Procrastination During Finals Week

unior Addison Bott studies in the ARC during finals week. “I am using flashcards to help me study and remember things for my final exam” said Bott.

Mya Wollert

unior Addison Bott studies in the ARC during finals week. “I am using flashcards to help me study and remember things for my final exam” said Bott.

Mya Wollert

When Tosa West Freshman Ameila Benedict comes home after school, she gets busy.  She gets all of the hard work and important things done so she can have free time to enjoy the rest of her evening.   

“(If) I am stressed out or can’t concentrate then I set a 15 minute timer before starting.” 

Benedict’s strategy of setting a timer is a way to avoid procrastinating when doing her school work. 

When students procrastinate they delay starting or finishing weekly assignments, writing papers, projects, or even studying for an upcoming test. 

Procrastination is a coping technique and a way of dealing with the difficult or uncomfortable emotions that come up when you’re faced with a certain task. 

If you procrastinate, research says you are totally normal.  The trick to understanding why you are procrastinating and to finding ways for you to manage your procrastination. 

128 Tosa West students completed an emailed 25 question procrastination survey on November 18th, 2022, that reveals Tosa West students know something about procrastination.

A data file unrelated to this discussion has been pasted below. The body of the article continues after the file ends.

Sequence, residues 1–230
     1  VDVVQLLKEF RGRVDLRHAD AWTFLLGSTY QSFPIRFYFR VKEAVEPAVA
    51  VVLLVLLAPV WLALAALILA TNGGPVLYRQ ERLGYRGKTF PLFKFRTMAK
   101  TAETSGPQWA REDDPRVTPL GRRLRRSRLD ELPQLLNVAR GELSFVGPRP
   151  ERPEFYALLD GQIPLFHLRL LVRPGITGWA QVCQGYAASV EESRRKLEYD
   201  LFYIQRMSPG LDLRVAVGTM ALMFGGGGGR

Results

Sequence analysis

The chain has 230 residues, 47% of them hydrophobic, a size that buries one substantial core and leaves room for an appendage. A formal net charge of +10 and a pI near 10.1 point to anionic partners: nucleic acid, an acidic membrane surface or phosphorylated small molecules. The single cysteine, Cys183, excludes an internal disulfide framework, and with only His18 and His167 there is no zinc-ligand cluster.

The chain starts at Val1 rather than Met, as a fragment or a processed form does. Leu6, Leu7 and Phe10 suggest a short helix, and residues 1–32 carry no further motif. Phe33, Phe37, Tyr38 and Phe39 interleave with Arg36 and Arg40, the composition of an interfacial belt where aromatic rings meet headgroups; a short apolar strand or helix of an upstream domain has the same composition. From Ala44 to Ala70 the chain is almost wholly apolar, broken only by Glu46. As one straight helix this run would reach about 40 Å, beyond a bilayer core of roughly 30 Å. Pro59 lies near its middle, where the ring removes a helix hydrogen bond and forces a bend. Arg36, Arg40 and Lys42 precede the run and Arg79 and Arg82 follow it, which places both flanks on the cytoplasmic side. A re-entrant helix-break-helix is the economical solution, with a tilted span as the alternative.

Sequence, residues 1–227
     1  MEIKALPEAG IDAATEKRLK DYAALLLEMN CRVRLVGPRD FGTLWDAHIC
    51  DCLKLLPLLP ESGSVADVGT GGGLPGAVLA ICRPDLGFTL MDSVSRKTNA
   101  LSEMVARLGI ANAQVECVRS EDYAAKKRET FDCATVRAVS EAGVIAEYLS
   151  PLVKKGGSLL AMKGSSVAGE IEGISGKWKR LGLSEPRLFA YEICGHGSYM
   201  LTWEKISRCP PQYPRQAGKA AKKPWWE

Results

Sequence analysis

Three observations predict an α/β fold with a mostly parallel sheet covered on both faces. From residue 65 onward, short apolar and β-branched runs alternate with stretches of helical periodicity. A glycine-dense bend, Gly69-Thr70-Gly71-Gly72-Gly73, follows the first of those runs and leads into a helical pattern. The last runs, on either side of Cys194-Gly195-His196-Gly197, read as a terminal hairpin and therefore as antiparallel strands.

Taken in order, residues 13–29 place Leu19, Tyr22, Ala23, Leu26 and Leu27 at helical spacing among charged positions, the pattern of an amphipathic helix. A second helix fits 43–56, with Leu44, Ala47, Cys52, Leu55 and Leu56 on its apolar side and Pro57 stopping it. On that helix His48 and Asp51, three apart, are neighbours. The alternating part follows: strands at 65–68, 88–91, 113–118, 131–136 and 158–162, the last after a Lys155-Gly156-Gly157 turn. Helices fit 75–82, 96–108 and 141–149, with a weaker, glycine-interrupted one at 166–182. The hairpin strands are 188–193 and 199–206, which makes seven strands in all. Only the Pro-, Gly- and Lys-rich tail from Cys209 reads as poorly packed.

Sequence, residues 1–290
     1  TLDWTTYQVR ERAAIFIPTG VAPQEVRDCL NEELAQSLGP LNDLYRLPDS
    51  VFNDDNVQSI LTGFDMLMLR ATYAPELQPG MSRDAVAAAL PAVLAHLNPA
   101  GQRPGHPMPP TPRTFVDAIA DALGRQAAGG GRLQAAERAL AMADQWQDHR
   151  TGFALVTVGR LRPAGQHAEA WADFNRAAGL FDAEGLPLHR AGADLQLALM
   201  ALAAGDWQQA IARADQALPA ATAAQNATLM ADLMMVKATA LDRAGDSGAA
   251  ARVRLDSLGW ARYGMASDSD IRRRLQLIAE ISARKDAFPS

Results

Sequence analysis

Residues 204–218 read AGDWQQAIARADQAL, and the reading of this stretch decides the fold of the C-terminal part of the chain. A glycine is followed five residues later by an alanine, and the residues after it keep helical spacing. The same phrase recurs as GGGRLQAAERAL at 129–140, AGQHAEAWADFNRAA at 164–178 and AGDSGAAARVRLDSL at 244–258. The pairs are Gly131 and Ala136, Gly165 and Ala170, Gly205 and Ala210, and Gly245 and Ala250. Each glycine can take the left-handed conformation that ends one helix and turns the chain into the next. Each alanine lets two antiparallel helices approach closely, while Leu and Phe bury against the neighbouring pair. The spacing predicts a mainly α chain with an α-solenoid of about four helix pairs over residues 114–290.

An analysis of the survey shows 18.6% of students at Tosa West say that they almost always find it difficult to start a paper or a project. 30.2% of students say they often find it difficult to start a paper or project. 

“I think a part of procrastination has a lot to do with not knowing how to do something. When getting an assignment or project, it can be hard to start it when I don’t know what I am doing, so I wait until the last minute thinking I will know how to do it later, which doesn’t happen. It just gets me more stressed,” said Senior Ava Wollert.

Procrastination can happen for a variety of reasons.  

One reason may be a result of putting something off because you don’t know how to answer a question or how to proceed.

This is called purposeful delay. 

Research shows procrastinating when something is hard is common.  Procrastination is a strategy that may help students be more effective.  According to the article, Purposeful delay and academic achievement. A critical review of the Active Procrastination Scale by Marteen Pinxton.

“More recently, Sirois and Pychyl (2013) characterized procrastination as a tendency to prioritize short-term mood regulation over long-term goals (also see Tice & Bratslavsky, 2000). The authors argue that avoiding tedious tasks is a means of coping with the unpleasant mood associated with them, causing self-regulation to break down.”

Another reason procrastination may happen is because of technology .  

Technology has been a key thing that contributes to procrastination, and is keeping students from getting their working done on time and efficiently. 

Research shows that using a phone is a common occurrence while procrastinating. Procrastination increases problematic phone use such as infinite scrolling on social media apps.